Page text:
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Everything posted by Shibby

  1. I can't say I share your opinion on the Pacman, but yours is definitely one of the best images I have seen of it! I like the composition, with the "centipede" as the subject. How many nights does it take you to gather 30 hours??
  2. It's actually better to let it dry as slowly as possible to achieve maximum strength. In fact, leaving standing water on top of it is the best way to get the strongest cure. Of course, for our purposes, that's probably not necessary.
  3. It really should be red - the Hα wavelength is bang in the middle of the red part of the spectrum. It's weird that the light passing through looks magenta; I'll have to try that! It shouldn't look magenta unless some violet is leaking through, but that's at the opposite end of the spectrum. Normally, with a modified DSLR or CCD the blues are overpowered by the strong Hα reds. That's why I think there are some really nice, colourful images like this one from unmodified DSLRs.
  4. Ah yea, you're quite right actually; forget that! Scaled down 50%, a target with this would look the same as an f/6 with the same aperture, right? The FOV would be reduced, though.
  5. Essentially, you're looking to improve your resolution. As you correctly identified in your original post, what's important is arcseconds / pixel. That's determined by pixel size, focal length and the seeing conditions. Aperture can also limit your resolution - for example, the ED80 has a max resolution of ~1.43 arcseconds. The long focal length of the F12 Mak you mention gives a resolution of 0.56"/pixel with your camera. I don't know where you're based, but that's a higher resolution than the average seeing conditions in the UK, so is not useful. Also, F/12 is very "slow", meaning you'll need very long exposures for DSOs like nebulae. A 150mm F/5 Newtonian would be a good upgrade, giving you both faster optics and also 1.35"/pixel instead of your current 1.94.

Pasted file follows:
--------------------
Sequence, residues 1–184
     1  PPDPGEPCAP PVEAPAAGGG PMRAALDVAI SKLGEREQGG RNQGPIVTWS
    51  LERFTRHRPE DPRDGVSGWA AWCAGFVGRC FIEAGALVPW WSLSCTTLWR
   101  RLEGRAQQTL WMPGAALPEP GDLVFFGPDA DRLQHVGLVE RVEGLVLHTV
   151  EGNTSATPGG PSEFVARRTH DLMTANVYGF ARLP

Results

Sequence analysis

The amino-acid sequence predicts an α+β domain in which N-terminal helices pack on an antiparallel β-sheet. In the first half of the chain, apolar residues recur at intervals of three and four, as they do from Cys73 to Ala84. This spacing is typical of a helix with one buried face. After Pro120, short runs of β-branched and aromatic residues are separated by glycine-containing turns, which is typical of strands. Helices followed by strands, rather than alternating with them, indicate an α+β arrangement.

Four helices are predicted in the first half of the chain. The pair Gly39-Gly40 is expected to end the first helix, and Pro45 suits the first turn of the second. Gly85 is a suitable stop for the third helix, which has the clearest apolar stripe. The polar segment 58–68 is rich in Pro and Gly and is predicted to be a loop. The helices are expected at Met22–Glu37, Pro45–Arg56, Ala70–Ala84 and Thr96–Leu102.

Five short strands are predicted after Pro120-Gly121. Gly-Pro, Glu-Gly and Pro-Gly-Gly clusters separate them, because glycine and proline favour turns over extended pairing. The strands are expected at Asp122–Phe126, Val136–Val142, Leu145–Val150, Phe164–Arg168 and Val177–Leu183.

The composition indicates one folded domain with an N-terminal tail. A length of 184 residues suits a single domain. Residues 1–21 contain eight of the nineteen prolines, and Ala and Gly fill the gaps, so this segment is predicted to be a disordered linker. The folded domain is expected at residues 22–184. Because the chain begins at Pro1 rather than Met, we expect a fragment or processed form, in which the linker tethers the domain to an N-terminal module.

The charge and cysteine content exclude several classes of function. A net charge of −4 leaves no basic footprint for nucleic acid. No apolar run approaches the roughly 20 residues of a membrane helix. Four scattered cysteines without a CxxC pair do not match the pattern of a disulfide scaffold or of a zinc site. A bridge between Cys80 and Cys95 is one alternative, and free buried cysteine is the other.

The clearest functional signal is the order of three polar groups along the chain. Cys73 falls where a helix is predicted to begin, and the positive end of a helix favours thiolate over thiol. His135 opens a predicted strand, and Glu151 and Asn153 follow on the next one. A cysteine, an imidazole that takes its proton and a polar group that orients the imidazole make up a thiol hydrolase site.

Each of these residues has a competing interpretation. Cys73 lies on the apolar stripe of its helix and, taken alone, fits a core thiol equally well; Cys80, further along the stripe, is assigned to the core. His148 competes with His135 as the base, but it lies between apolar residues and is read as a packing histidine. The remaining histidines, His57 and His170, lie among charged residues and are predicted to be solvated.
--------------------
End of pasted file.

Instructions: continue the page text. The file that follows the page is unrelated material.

6. I immediately thought of the habitable exoplanets catalog when I started reading this thread. I think this is one example where the illustration can tell you a lot about the planet at a glance, which is fine so long as you understand that there's a huge amount of guesswork going on. The good thing about the Oumuamua illustration is the clear text "Artist's Concept" in the corner. All artist's impressions should have this text baked into the image, but sadly that's quite rare so the images often get syndicated without the message. So long as the message is clear, I don't object to pretty concept images being used; it's completely understandable that a news publisher wants to draw readers in. I know that doesn't really answer your questions; I don't know how information is passed to artists or how accuracy is ensured, but I do think it's important that known information is conveyed first and foremost.
  7. What a superb image in every way. Love it.
  8. Yeah that should be fine - mine is similar and runs lovely.
  9. Looks fantastic Rob. Nicely processed with lots of detail on show. My monitor isn't big enough really, we're all gonna have to get 4K screens now!
  10. Also: price. Originally, my finderguider + webcam setup was far cheaper than OAG + decent guide camera. (The webcam was unlikely to be sensitive enough for an OAG setup). With my current OAG + optics, I don't have the back-focus